Advertisement

Transformation and Carcinogenesis

  • Susanne ModrowEmail author
  • Dietrich Falke
  • Uwe Truyen
  • Hermann Schätzl
Reference work entry

Abstract

It was acknowledged long ago that viruses may cause cancer in animals. In 1911, Peyton Rous described viruses as causing sarcomas in poultry. The tumour-inducing virus responsible was later named after him, Rous sarcoma virus. In the following decades, a large number of viruses were discovered that can cause various cancers in poultry and rodents, such as lymphomas, sarcomas and carcinomas. Many of them belong to the family Retroviridae, and were classified into the genera Alpharetrovirus, Betaretrovirus and Gammaretrovirus. Most of these pathogens were isolated from inbred strains of the respective species or from cell cultures; under natural conditions, these strains are likely irrelevant as a cause of cancer in the corresponding species. An exception is feline leukaemia virus ( Sect. 18.1). The tumorigenic potential of oncogenic retroviruses is based on transformationally active proteins. They are similar to cellular products which are ordinarily involved in the regulation of cell division. In contrast to the cellular products, viral oncogene proteins are altered by mutations in such a way that they are not subject to regulatory control, and are thus constitutively active. In fact, the discovery of viral oncogenes was pioneering and has paved the way for deciphering cellular oncogenes, and thus for understanding the molecular basis of carcinogenesis. Evidence for the existence of retroviruses that cause cancer in humans was found only in 1982 when Robert Gallo discovered human T-lymphotropic virus (HTLV;  Sect. 18.1).

Keywords

Merkel Cell Carcinoma Barr Virus Rous Sarcoma Virus Actin Cable Feline Leukaemia Virus 
These keywords were added by machine and not by the authors. This process is experimental and the keywords may be updated as the learning algorithm improves.

Further Reading

  1. Chiarugi V, Meguelli L, Cinelli M, Basi G (1994) Apoptosis and the cell cycle. Cell Mol Biol Res 40:603–612PubMedGoogle Scholar
  2. Cuff S, Ruby J (1996) Evasion of apoptosis by DNA viruses. Immunol Cell Biol 74:527–537PubMedCrossRefGoogle Scholar
  3. Diller L, Kassel J, Nelson CE, Cryka MA, Litwak G, Gebhardt M, Bressac B, Ozturk M, Baker SJ, Vogelstein B (1990) p53 functions as a cell cycle control protein in osteosarcoma. Mol Cell Biol 10:5772–5781PubMedGoogle Scholar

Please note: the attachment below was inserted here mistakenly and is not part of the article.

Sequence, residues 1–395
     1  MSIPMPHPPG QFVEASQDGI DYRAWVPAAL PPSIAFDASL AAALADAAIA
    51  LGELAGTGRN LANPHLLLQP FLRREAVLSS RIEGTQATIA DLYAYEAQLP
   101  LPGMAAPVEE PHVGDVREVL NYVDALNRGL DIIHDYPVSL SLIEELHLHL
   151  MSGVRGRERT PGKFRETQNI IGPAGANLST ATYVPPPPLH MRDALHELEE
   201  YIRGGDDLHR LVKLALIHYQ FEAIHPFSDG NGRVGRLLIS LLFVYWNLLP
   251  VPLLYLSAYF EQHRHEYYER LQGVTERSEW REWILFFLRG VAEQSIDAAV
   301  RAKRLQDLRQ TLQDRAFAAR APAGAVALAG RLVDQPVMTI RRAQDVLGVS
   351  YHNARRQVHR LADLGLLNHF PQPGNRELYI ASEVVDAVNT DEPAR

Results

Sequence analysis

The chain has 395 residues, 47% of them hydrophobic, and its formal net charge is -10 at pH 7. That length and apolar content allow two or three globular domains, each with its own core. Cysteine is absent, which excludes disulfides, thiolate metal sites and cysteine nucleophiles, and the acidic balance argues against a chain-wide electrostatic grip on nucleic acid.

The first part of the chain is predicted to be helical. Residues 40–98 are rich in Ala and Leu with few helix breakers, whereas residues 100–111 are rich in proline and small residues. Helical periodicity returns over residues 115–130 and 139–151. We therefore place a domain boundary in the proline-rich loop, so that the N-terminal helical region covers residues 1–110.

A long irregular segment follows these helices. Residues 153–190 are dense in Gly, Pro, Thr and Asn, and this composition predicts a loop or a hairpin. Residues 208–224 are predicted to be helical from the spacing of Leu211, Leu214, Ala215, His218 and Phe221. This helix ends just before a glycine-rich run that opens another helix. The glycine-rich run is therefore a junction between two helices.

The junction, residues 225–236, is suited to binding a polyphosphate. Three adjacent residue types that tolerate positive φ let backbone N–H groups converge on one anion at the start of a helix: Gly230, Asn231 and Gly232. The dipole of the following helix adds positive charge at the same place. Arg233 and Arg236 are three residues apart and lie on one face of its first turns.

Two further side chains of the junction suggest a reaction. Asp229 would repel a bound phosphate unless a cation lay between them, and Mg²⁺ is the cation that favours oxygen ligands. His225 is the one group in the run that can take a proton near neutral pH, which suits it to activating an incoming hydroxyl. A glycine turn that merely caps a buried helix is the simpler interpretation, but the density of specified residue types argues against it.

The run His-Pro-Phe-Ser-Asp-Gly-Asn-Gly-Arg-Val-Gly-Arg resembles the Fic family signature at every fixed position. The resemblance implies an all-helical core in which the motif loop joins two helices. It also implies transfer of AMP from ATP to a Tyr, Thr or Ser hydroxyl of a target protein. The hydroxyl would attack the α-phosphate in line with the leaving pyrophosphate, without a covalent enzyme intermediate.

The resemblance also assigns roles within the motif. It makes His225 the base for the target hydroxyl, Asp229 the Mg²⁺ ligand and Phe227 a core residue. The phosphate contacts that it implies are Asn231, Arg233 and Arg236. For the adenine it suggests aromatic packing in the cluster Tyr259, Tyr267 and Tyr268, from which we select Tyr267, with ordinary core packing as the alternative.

4. Hinds PW, Weinberg RA (1994) Tumor suppressor genes. Curr Opin Genet Dev 4:135–141PubMedCrossRefGoogle Scholar
  5. Knudson AG (1993) Antioncogenes and human cancer. Proc Natl Acad Sci 90:10914–10921PubMedCrossRefGoogle Scholar
  6. Kouzarides T (1995) Transcriptional control by the retinoblastoma protein. Semin Cancer Biol 6:91–98PubMedCrossRefGoogle Scholar
  7. Liu X, Miller CW, Koeffler PH, Ber AJ (1993) The p53 activation domain binds the TATA box-binding polypeptide in holo-TFIID, a neighboring p53 domain inhibits transcription. Mol Cell Biol 13:3291–3300PubMedGoogle Scholar
  8. Lowe SW (1999) Activation of p53 by oncogenes. Endocr Relat Cancer 6:45–48PubMedCrossRefGoogle Scholar
  9. Ludlow JW, Skuse GR (1995) Viral oncoprotein binding to pRB, p107, p130, p300. Virus Res 35:113–121PubMedCrossRefGoogle Scholar
  10. Mahr JA, Gooding LR (1999) Immunoevasion by adenoviruses. Immunol Rev 168:121–130PubMedCrossRefGoogle Scholar
  11. Marcel MM, Roy FM, van Bracke ME (1993) How and when do tumor cells metastasize? Crit Rev Oncog 4:559–594Google Scholar
  12. Mercer WE (1992) Cell cycle regulation and the p53 tumor suppressor protein. Crit Rev Eukaryot Gene Expr 2:251–263PubMedGoogle Scholar
  13. Truyen U, Löchelt M (2006) Review of viral oncogenesis in animals and relevant oncogenes in veterinary medicine. In: Dittmar T, Schmidt A, Zänker KS (eds) Infection and inflammation: impacts on oncogenesis. Contributions to microbiology, vol 13. Karger, Basel, pp 101–117CrossRefGoogle Scholar

Copyright information

© Springer-Verlag Berlin Heidelberg 2013

Authors and Affiliations

  • Susanne Modrow
    • 1
    Email author
  • Dietrich Falke
    • 2
  • Uwe Truyen
    • 3
  • Hermann Schätzl
    • 4
  1. 1.Inst. Medizinische, Mikrobiologie und HygieneUniversität RegensburgRegensburgGermany
  2. 2.MainzGermany
  3. 3.Veterinärmedizinische Fak., Inst. Tierhygiene undUniversität LeipzigLeipzigGermany
  4. 4.Helmholtz Zentrum München, Institut für VirologieTU MünchenMünchenGermany

Personalised recommendations